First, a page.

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In 1978 Dave Simmons established a company producing electronic drum machines. The brand appeared to be a pioneer of electronic drum manufacturing in Britain. In 1980-1994 Simmons company was a major supplier of electronic kits and in 1999 the rights to the Simmons name were purchased by Guitar Center.

Anyway the music of the 1980s had a definite “Simmons flavour”. Who wasn’t using it? We don’t know, but we know who did and it’s an impressive list: Howard Jones, Kajagoogoo’s Jez Strode, John Keeble of Spandau Ballet, Roger Taylor of Duran Duran, Darren Costin of Wang Chung, Rick Allen of Def Leppard, Thomas Dolby, Prince, Phil Collins, Neil Peart, Bill Bruford, Talk Talk's album The Party's Over, Cameo, Jonzun Crew, Depeche Mode, and Vangelis.

It all started with SDS-5, a.k.a. SDS-V. It was the first viable electronic replacement for acoustic drums. The instrument was engineered by Richard James Burgess and Dave Simmons. Released in 1981 it was actually manufactured by Musicaid. Simmons brand name came up later when Dave founded a new company after Musicaid went broke.

Before that commercial breakthrough there were quite successful 70s which gave us single-pad analog drum synthesizers, including the Pollard Syndrum and the Synare. They were good for a percussion effect but weren’t so much of a drum substitute, though disco music owed them a bit.

SDS-3 came out in 1978 (still within the Musicaid brand). It was an instrument partially replicating Syndrum and Synare. It had 4 drum channels and a noise generator. SDS-4 was a 2-channel version. Musicaid was also the distributor for the Lyricon wind synthesizer. Burgess began collaborating with Dave Simmons when he decided to create something more than just an acoustic drum supplement. SDS-5 had been used by Burgess himself even before it hit the market. The world's first fully electronic drum set, the SDS-V featured the famous hexagonal pads and distinctive sound heard in countless songs by 1980s bands, including Duran Duran and Rush. SDS-5 was about an expandable rack-mountable “drum sound container”, and pad modules for bass drum, snare, and three toms – a standard configuration. The drum machine could interact with a drum sequencer. Its pads (first - polycarbonate and later – soft rubber ones) became a recognizable feature of the 1980s, and Group Centre Inc. help the unit to grow into a big commercial success securing places in US stores.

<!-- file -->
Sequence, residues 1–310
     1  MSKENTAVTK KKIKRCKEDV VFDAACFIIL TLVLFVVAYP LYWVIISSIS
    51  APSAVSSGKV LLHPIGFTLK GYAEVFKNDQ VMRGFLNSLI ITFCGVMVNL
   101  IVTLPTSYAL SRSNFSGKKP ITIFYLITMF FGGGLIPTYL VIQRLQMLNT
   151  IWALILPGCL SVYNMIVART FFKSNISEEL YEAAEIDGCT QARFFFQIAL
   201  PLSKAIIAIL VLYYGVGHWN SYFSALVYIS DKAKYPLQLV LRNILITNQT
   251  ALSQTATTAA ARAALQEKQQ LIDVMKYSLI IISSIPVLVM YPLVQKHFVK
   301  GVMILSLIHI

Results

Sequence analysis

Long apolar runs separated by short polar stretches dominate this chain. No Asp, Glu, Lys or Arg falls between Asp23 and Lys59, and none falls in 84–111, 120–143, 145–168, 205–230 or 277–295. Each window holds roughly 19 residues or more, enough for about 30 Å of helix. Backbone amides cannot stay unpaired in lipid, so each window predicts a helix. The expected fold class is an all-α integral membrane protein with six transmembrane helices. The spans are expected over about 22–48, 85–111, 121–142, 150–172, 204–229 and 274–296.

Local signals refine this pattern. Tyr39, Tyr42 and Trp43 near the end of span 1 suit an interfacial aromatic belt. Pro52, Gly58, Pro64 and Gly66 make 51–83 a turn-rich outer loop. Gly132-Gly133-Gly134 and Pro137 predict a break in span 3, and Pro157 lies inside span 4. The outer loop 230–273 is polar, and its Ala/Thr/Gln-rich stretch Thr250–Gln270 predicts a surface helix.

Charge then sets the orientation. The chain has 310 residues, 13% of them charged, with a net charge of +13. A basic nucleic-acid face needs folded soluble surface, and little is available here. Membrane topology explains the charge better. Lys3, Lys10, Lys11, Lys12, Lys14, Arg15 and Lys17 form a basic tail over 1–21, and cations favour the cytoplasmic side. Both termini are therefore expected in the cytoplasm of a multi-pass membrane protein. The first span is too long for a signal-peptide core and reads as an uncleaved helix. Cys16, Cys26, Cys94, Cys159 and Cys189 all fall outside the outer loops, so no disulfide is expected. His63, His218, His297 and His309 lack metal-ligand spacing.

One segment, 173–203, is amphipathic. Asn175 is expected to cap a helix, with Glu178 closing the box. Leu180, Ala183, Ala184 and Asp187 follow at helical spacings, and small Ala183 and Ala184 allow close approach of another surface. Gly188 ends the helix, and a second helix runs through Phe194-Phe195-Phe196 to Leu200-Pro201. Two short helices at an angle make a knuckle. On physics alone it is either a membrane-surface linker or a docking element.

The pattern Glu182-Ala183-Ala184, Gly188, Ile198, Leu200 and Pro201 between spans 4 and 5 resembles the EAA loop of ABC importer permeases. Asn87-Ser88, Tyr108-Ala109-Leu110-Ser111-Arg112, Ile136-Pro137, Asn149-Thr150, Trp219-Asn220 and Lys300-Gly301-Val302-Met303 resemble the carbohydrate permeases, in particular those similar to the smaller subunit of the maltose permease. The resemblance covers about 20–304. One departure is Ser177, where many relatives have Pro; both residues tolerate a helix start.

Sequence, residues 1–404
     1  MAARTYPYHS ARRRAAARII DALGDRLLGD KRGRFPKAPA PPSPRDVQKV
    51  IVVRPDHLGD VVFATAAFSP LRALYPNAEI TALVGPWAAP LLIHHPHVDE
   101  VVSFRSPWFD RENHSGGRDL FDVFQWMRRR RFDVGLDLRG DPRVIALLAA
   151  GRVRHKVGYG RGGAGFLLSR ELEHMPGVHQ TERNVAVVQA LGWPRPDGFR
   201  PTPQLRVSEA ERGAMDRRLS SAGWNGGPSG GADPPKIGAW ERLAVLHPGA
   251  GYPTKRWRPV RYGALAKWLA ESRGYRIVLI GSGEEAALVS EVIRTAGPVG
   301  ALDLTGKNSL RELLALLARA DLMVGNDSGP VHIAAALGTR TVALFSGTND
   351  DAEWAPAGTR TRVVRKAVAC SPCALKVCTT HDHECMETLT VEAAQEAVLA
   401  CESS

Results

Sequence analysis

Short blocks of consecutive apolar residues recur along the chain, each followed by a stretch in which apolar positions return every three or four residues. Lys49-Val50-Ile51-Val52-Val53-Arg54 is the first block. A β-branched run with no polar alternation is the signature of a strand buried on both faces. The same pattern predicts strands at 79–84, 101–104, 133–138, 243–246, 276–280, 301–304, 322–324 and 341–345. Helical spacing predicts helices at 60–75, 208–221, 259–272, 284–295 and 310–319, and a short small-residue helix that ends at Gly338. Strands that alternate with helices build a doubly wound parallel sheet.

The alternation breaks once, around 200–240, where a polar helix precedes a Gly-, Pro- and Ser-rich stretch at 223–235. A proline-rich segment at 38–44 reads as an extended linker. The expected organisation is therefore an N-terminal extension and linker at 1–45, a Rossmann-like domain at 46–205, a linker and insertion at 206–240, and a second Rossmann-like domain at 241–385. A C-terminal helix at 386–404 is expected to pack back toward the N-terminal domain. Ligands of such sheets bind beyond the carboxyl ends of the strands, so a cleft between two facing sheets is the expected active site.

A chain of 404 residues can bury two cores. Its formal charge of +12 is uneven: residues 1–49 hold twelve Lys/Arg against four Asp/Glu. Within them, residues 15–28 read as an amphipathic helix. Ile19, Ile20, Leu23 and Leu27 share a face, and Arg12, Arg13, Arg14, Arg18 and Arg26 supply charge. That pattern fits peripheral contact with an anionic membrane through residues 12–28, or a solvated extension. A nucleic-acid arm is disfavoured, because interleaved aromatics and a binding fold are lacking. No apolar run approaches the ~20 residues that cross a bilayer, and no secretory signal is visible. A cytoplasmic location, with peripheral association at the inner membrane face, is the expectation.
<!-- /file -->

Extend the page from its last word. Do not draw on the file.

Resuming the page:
To assist the musician there was a compact trigger unit developed by Simmons which could be combined with SDS-5. New Order used to apply it.

SDS-6 drum sequencer came a bit later, SDS-7 replaced SDS-5. SDS-7 featured digital sampling sounds on EPROM (8-bit samples, programmable though a little flawed memory).

SDS-8 was released in 1983. The instrument offered an analog architecture featuring a single, non-expandable desktop-style brain with one unalterable factory preset and one custom user preset for each channel. It was a good Simmons option for those who needed analog sounds.

There came out some smaller kits such as SDS-1 - a single pad with a built-in EPROM reader, analog SDS-200 (2 tom system) SDS-400 (4 tom system), and SDS-800 (bass, snare, and 2 tom system).

A digital/analog hybrid was released by Simmons in 1985. SDS-9 featured three digital channels (kick, snare, and rim), analog toms, 40 presets and a built-in digital delay.

In 1987, after the SDS-9, Simmons decided to enter into the high-end professional market and created the revolutionary SDX. The instrument offered something previously unknown - zone intelligence (up to three samples to be assigned to different positional locations on a pad for a more realistic sound) and pad layering (up to nine different samples can be triggered via different strike velocities and positions, selecting samples from a 3 by 3 matrix).

SDX brought Simmons to a decline. It was due to its cost but mainly it happened because drummers opted for acoustics again. In 1989 SDS-2000 was launched featuring some SDX sounds, digital effects and new pads. Before the company’s shut down in 1999 Simmons had another try with drum triggering and MIDI control devices.

Affordable Chinese-manufactured electronic drums came back onto the market after Guitar Center bought the rights to the Simmons name in 2005. Although these instruments were completely different now sporting no resemblance to the classic Simmons machines. Anyway there were some Simmons sounds presented onboard.

Dave Simmons come back to the company in 2017 was good news indeed. The new SD2000 series got announced. The system was rebuilt and is available in two configurations – as a 5-piece unit and a 7-piece one. There will be room to upgrade any of them.